• Gallery photo

The Support Snowball Effect

YWCA Single Mothers Support Services connect single mothers to resources, support and community. It can be intimidating for anyone to reach out and ask for help. But once the momentum gets going, single mothers in the programs start to understand that they can better their lives and the lives of their children.

Family resource workers work with the mothers in one-to-one meetings. They are advocates, a bridge for women to find resources and support can really help them.

Being a parent is overwhelming even when both parents are involved. From sleep deprivation, financial stress, to constant demands on time and attention, it can be difficult to find balance. These challenges multiply when you’re a single parent.  Add to that finding safe housing in this market, secure affordable childcare, or re‑entering the workforce and it’s easy to get discouraged.

There are many inspiring stories that come out of our groups. Two years ago, a single mother with a toddler and another child on the way contacted the YWCA. Her husband had struggled with alcoholism and had become physically and verbally abusive during her second pregnancy. She left to live with family, but the space – though safe – wasn’t ideal for herself and her child. Her family was as supportive as possible, but no one knew what to do next and the baby was due shortly. She was stuck. 

She was ready to leave the relationship permanently and be independent but she needed the support to do this. A Single Mother’s Support Services facilitator helped connect her with resources, assisted her with filling out housing applications and eventually found her a place at a YWCA Housing Community.  

Shortly after her second child was born she joined a single mother support group, called Baby and Me group, created for single moms who are pregnant or who have babies under a year old. There she was surrounded by other women who ‘got it’. These women understood her situation, listened to and related to her story, supported her through her challenges.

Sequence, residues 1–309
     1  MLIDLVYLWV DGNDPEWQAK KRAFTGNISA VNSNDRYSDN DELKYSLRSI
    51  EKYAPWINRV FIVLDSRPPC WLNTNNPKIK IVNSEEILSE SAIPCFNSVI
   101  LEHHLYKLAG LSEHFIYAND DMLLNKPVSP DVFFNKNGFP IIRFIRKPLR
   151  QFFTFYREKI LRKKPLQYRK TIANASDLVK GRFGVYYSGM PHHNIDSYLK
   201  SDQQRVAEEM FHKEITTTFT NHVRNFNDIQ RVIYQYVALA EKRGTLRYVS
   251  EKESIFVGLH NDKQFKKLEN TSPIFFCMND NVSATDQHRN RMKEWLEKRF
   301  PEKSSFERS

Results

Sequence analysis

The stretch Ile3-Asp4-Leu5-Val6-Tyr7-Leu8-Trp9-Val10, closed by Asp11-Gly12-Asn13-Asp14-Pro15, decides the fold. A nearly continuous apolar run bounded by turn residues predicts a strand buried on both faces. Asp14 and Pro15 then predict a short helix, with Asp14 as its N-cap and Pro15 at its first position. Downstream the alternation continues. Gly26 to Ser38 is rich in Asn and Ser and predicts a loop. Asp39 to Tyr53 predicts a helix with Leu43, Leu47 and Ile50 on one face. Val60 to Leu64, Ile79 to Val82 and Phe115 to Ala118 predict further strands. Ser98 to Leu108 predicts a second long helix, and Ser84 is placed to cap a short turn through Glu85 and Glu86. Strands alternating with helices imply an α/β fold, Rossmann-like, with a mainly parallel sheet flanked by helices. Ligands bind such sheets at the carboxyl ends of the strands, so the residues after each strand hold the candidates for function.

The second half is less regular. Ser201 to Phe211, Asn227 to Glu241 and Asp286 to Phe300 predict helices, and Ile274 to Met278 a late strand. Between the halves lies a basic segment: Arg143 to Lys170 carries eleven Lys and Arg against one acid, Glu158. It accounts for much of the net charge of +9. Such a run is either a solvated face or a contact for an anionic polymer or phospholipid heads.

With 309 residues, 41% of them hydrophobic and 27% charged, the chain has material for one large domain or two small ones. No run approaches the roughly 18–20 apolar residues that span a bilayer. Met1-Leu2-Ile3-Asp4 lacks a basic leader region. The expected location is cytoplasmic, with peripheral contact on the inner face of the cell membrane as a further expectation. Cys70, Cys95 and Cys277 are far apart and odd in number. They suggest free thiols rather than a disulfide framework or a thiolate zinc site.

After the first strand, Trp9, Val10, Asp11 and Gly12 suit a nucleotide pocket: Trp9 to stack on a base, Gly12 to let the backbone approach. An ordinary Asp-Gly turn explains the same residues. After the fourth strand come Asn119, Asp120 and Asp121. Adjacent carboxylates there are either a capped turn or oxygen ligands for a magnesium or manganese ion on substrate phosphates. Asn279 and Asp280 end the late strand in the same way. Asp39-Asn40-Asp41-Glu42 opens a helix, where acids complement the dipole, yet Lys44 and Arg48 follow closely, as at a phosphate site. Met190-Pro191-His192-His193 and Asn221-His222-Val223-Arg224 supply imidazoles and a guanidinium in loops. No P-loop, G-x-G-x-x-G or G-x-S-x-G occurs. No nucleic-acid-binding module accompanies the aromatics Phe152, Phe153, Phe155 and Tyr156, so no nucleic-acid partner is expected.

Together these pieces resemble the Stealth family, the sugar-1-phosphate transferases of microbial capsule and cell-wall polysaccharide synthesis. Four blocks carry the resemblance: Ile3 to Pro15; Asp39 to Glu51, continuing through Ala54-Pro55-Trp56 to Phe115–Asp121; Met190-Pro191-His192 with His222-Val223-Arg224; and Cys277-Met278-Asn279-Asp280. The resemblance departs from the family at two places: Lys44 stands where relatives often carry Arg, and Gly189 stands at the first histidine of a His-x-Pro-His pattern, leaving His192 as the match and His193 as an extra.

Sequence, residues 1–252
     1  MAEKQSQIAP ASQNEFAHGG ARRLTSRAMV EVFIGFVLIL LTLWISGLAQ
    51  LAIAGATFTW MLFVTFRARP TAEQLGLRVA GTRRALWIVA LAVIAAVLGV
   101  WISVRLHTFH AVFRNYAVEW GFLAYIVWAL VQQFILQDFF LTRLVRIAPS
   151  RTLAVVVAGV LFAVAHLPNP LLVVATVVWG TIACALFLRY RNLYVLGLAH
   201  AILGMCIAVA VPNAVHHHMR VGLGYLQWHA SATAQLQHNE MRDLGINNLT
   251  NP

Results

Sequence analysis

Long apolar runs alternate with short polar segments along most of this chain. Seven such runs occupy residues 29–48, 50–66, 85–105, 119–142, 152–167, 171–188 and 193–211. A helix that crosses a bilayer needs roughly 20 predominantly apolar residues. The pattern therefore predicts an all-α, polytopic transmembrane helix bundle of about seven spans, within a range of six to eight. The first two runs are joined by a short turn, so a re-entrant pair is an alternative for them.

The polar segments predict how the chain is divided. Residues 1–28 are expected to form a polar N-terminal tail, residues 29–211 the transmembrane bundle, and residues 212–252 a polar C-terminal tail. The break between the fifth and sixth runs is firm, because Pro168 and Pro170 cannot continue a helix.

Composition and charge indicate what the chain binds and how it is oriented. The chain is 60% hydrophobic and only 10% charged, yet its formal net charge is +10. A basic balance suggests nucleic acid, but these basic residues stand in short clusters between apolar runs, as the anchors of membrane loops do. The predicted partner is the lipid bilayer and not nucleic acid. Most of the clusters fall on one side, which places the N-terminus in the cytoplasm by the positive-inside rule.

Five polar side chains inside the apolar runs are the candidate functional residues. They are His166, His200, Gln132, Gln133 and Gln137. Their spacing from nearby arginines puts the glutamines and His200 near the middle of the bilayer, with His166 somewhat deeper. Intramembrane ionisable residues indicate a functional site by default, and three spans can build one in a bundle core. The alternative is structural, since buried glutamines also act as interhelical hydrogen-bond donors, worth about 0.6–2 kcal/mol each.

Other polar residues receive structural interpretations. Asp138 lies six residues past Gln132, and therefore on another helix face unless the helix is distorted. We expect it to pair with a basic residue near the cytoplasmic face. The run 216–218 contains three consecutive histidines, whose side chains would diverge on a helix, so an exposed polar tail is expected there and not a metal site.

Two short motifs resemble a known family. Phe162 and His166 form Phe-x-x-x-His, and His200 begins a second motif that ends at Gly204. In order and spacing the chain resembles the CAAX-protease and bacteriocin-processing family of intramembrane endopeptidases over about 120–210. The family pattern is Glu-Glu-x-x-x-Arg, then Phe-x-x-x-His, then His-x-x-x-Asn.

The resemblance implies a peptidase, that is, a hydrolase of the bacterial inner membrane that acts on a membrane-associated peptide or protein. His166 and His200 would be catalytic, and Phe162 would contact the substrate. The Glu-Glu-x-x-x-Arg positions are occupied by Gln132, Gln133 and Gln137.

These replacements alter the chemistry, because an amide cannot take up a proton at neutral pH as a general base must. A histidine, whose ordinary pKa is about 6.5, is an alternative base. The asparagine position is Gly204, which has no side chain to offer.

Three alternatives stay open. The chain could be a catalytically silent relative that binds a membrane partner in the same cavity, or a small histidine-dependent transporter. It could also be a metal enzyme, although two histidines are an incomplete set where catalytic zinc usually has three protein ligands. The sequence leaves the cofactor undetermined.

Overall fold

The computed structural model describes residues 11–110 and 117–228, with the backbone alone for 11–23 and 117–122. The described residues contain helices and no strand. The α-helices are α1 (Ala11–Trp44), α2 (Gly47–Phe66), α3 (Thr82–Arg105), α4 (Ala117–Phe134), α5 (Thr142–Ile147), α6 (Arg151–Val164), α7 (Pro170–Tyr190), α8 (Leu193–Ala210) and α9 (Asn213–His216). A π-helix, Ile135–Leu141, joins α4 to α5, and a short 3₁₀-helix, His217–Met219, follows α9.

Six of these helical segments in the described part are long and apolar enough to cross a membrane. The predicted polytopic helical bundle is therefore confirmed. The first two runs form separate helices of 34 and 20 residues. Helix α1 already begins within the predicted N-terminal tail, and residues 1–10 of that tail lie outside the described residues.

As a single parent, one of the best things for confidence and well-being is to be heard. Many are isolated and don’t have a community or are just misunderstood among family or friends. For this mom, finding the housing and support were just the beginning.

This mom began to set goals for herself. She recognized she needed counseling to work through some of her past issues and was connected to free counseling services. When that went well, she determined she needed some parenting support and needed to learn some skills to parents two busy little kids. One of the moms in her group recommended a community agency that did this and she connected with that program. She joined a support group for friends and family of alcoholics and got a lot of positive support there. That’s the thing about good support– it’s a snowball effect.

Our Single Mothers Support Groups are the heart of our program. They are the way we make a lasting and long term impact on the moms we’re helping.

The YWCA runs 15 Single Moms Support Groups, from UBC to Abbotsford. These groups meet in neighbourhood houses or community spaces and are peer support groups, run by one of our team of facilitators. Peer support group means there is no curriculum to follow, no targets to hit, making this a group for single moms to gather every week to talk about the challenges they face, the things they’re going through and the goals they want to achieve.

Our facilitators will often bring in a guest speaker or workshop to help them build skills- it could be financial literacy, self-compassion, parenting strategies or meal planning. But most often the real learning for these groups comes from one another.

To learn more about our Single Mothers Support Services or to join a Single Mothers group, please contact Joann McKinlay (Vancouver) at 604 895 5849 | jmckinlay@ywcavan.org  or Jenn Bateman (Fraser Valley)  at 604 619 5276  | jbateman@ywcavan.org 

If you’d like to support our programs and services that support single mothers, you can donate today.

Add new comment

Plain text

  • No HTML tags allowed.
  • Web page addresses and e-mail addresses turn into links automatically.
  • Lines and paragraphs break automatically.